FIG. 3 is a sectional view taken along the lines 3--3 of FIG. 2.
FIG. 4 is a top plan view of the outer tubular member.
FIG. 5 is a top plan view of an alternative form of the outer tubular member.
FIG. 6 is a perspective view of the inner tubular sleeve of the apparatus of FIG. 1.
FIG. 7 is an enlarged side elevational view of the cutting end of the inner tubular sleeve in accord with the present invention.
FIGS. 8, 9, 10 and 11 are progressive drawings illustrating the formation of the inner tubular sleeve from tubular stock to finished form.
Referring to FIG. 1 of the drawings in detail, reference numeral 10, designates the assembled tubular microsurgery cutting apparatus of the present invention with its elongated tubular cutting end 12 and its stationary or hand held end 14, hereinafter referred to as the driving end. Within the stationary driving end 14 the reciprocating motion is developed for a member in the cutting end 12 of the apparatus. In the FIG. 1 illustration the apparatus 10 is shown in section and both the cutting end 12 and the driving end 14 have their longitudinal dimension interrupted to permit illustration of the assembly. It should be understood that the cutting end 12 may be as long as 30 centimeters and the driving end 14 is proportionally long enough for the user to have a comfortable hand grip on that portion of the apparatus. The overall apparatus should be easily manipulated in surgical usage. The cross-sectional dimension of the cutting end 12 of the apparatus is shown enlarged for illustration purposes; the outside diameter of the outer tubular member 16 may be in the range of from 0.05 to 0.1 centimeter.
As shown in FIG. 1 the apparatus includes an outer tubular member 16 having an open end and a closed end with the open end fixed to the housing 17 of the driving end 14 and an inner tubular sleeve 18 having an open end and a cutting end that is adapted to reciprocate within the outer tubular member 16. Those who are familiar with instruments of the type described in this specification frequently refer to the instrument as a probe, the outer tubular member as the needle portion of the instrument, and to the inner tubular sleeve 18 as the cutter portion of the instrument. Those and other terms for the elements of the apparatus are intended to be included in the terms "outer tubular member" and "inner tubular sleeve" as used in this specification. The open end of the inner tubular sleeve 18 is fixed to a reciprocatable piston 19 within the housing 17 of the driving end 14 and the cutting end is positioned within the outer tubular member 16 near the cutting end 12 of the apparatus. The housing 17 as shown in the present apparatus is cylindrical and substantially air tight and its end cap 21 is adapted to enclose a cylindrical piston 19 for reciprocating movement. A source of pulsing air pressure or other driving force is supplied through end cap 21 at tube 20 to force the piston toward the cutting end 12 of the apparatus against a spring 22 that biases the piston toward the end cap 21. With the inner tubular sleeve 18 fixed to the piston 19 the inner tubular sleeve 18 is caused to reciprocate within the outer tube 16. The inner tube 18 is also shown as a continuous tube extending beyond the end of the driving end 14 of the apparatus and, in a preferred form, the inner tubular sleeve 18 is connected to an external vacuum source, not shown, that draws material through the inner tubular sleeve 18 from the cutting end 12 toward the driving end 14. The type of the material drawn through the inner tubular sleeve 18 should be well known to those familiar with microsurgery apparatus.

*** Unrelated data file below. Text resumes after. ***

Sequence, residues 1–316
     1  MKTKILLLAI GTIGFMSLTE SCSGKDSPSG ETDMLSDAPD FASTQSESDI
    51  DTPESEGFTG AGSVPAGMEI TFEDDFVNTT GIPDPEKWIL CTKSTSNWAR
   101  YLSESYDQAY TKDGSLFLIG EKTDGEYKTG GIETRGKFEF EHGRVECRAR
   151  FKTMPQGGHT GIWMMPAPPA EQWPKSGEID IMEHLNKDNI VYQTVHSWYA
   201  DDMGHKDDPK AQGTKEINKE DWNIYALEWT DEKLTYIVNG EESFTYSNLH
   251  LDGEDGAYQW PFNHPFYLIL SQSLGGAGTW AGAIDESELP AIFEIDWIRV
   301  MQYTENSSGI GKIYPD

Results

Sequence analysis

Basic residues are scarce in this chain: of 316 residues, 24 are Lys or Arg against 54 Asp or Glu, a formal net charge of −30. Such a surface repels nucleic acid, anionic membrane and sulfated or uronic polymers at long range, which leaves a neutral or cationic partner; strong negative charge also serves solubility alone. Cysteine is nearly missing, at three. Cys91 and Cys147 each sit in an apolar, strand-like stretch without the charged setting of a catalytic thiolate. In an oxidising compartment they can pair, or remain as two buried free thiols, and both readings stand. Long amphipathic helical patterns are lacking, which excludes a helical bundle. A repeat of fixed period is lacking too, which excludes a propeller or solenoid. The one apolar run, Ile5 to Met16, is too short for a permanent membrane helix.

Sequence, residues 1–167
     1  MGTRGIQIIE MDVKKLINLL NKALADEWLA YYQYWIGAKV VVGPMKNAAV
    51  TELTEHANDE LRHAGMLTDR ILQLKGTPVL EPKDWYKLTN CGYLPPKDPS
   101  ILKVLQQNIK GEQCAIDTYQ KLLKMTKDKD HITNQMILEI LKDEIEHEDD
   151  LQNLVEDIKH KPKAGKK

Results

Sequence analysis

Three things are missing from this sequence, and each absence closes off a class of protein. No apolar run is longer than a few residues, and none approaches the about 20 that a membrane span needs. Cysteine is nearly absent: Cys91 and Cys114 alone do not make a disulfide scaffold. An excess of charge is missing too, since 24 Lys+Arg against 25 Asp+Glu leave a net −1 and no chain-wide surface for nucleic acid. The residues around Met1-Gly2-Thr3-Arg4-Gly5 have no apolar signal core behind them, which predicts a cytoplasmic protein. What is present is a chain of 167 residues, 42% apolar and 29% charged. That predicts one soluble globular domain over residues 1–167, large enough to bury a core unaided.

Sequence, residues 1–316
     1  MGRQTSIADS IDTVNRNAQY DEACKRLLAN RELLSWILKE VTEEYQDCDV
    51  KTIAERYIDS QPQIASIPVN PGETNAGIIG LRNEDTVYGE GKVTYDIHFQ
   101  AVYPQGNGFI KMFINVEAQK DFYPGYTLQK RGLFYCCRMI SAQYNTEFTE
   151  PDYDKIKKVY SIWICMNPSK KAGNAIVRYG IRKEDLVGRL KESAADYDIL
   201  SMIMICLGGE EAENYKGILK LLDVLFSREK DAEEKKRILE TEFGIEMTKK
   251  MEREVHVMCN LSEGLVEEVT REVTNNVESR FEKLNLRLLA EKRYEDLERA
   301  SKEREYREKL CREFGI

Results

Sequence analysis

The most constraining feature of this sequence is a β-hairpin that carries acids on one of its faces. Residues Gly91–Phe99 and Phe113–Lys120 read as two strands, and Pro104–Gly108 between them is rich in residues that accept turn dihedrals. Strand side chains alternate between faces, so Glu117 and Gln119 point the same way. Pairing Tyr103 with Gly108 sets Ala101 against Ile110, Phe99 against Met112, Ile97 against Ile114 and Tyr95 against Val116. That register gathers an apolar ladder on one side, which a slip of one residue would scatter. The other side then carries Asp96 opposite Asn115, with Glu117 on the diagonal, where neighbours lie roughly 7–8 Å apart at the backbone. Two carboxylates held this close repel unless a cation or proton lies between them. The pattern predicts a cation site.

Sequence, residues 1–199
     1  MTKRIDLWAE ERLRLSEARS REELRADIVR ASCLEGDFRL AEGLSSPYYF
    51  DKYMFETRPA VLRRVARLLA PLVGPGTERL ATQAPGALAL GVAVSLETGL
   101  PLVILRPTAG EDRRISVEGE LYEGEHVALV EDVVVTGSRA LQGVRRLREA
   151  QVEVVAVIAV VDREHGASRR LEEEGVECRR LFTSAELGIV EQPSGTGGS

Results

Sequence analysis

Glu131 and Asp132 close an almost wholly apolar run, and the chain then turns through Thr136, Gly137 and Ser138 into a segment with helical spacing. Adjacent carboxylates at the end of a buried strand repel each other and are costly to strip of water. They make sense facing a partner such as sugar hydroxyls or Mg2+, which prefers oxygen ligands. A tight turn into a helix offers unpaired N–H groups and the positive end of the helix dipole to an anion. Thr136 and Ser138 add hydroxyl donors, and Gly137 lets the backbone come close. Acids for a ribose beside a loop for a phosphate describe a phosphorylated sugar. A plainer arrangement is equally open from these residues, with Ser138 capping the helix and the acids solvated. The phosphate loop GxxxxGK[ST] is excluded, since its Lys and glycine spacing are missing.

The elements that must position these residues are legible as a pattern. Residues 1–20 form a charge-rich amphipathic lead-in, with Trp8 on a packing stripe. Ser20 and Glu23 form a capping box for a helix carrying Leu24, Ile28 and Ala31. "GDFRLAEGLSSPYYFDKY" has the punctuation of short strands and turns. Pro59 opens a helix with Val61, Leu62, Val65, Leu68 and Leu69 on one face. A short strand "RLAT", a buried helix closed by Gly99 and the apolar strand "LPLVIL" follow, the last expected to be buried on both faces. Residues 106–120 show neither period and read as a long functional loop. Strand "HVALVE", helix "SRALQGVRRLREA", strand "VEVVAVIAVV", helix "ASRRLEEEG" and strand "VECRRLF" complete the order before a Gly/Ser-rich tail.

FIG. 2 is an enlarged cross-sectional view of the tip of the cutting end 12 showing the outer tubular member 16 and the inner tubular sleeve 18. The outer tubular member 16 has a cutout opening defining an entry port 24 having a particular form that will be further described hereinafter. The inner tubular sleeve 18 has a cutting tip at 28 at the open end of the member and is formed with a spiral slot at 30 extending from the tip 28 toward the driving end 14 of the apparatus 10. The form of the cutting end of the inner tubular sleeve 18 is exagerated in FIG. 1; its formation will be further described hereinafter. The form of the cutting tip 28 and the body of the inner tubular sleeve at the cutting end is intended to provide a firm and smooth working contact between the outer surface of the inner tubular sleeve 18 and the inner surface of the outer tubular member 16, at least at the entry port 24. That form provides for reduction in the friction contact between the inner sleeve and the outer tubular member at the cuting end while preferably, substantially eliminating contact between the inner and the outer member except at the cutting end. For example, the clearance along the interior of the tubular member may be 0.001 at each side along the major portion of the member whereas there should be slidable, working contact between the enlarged cutting end and the inner surface of the tubular member.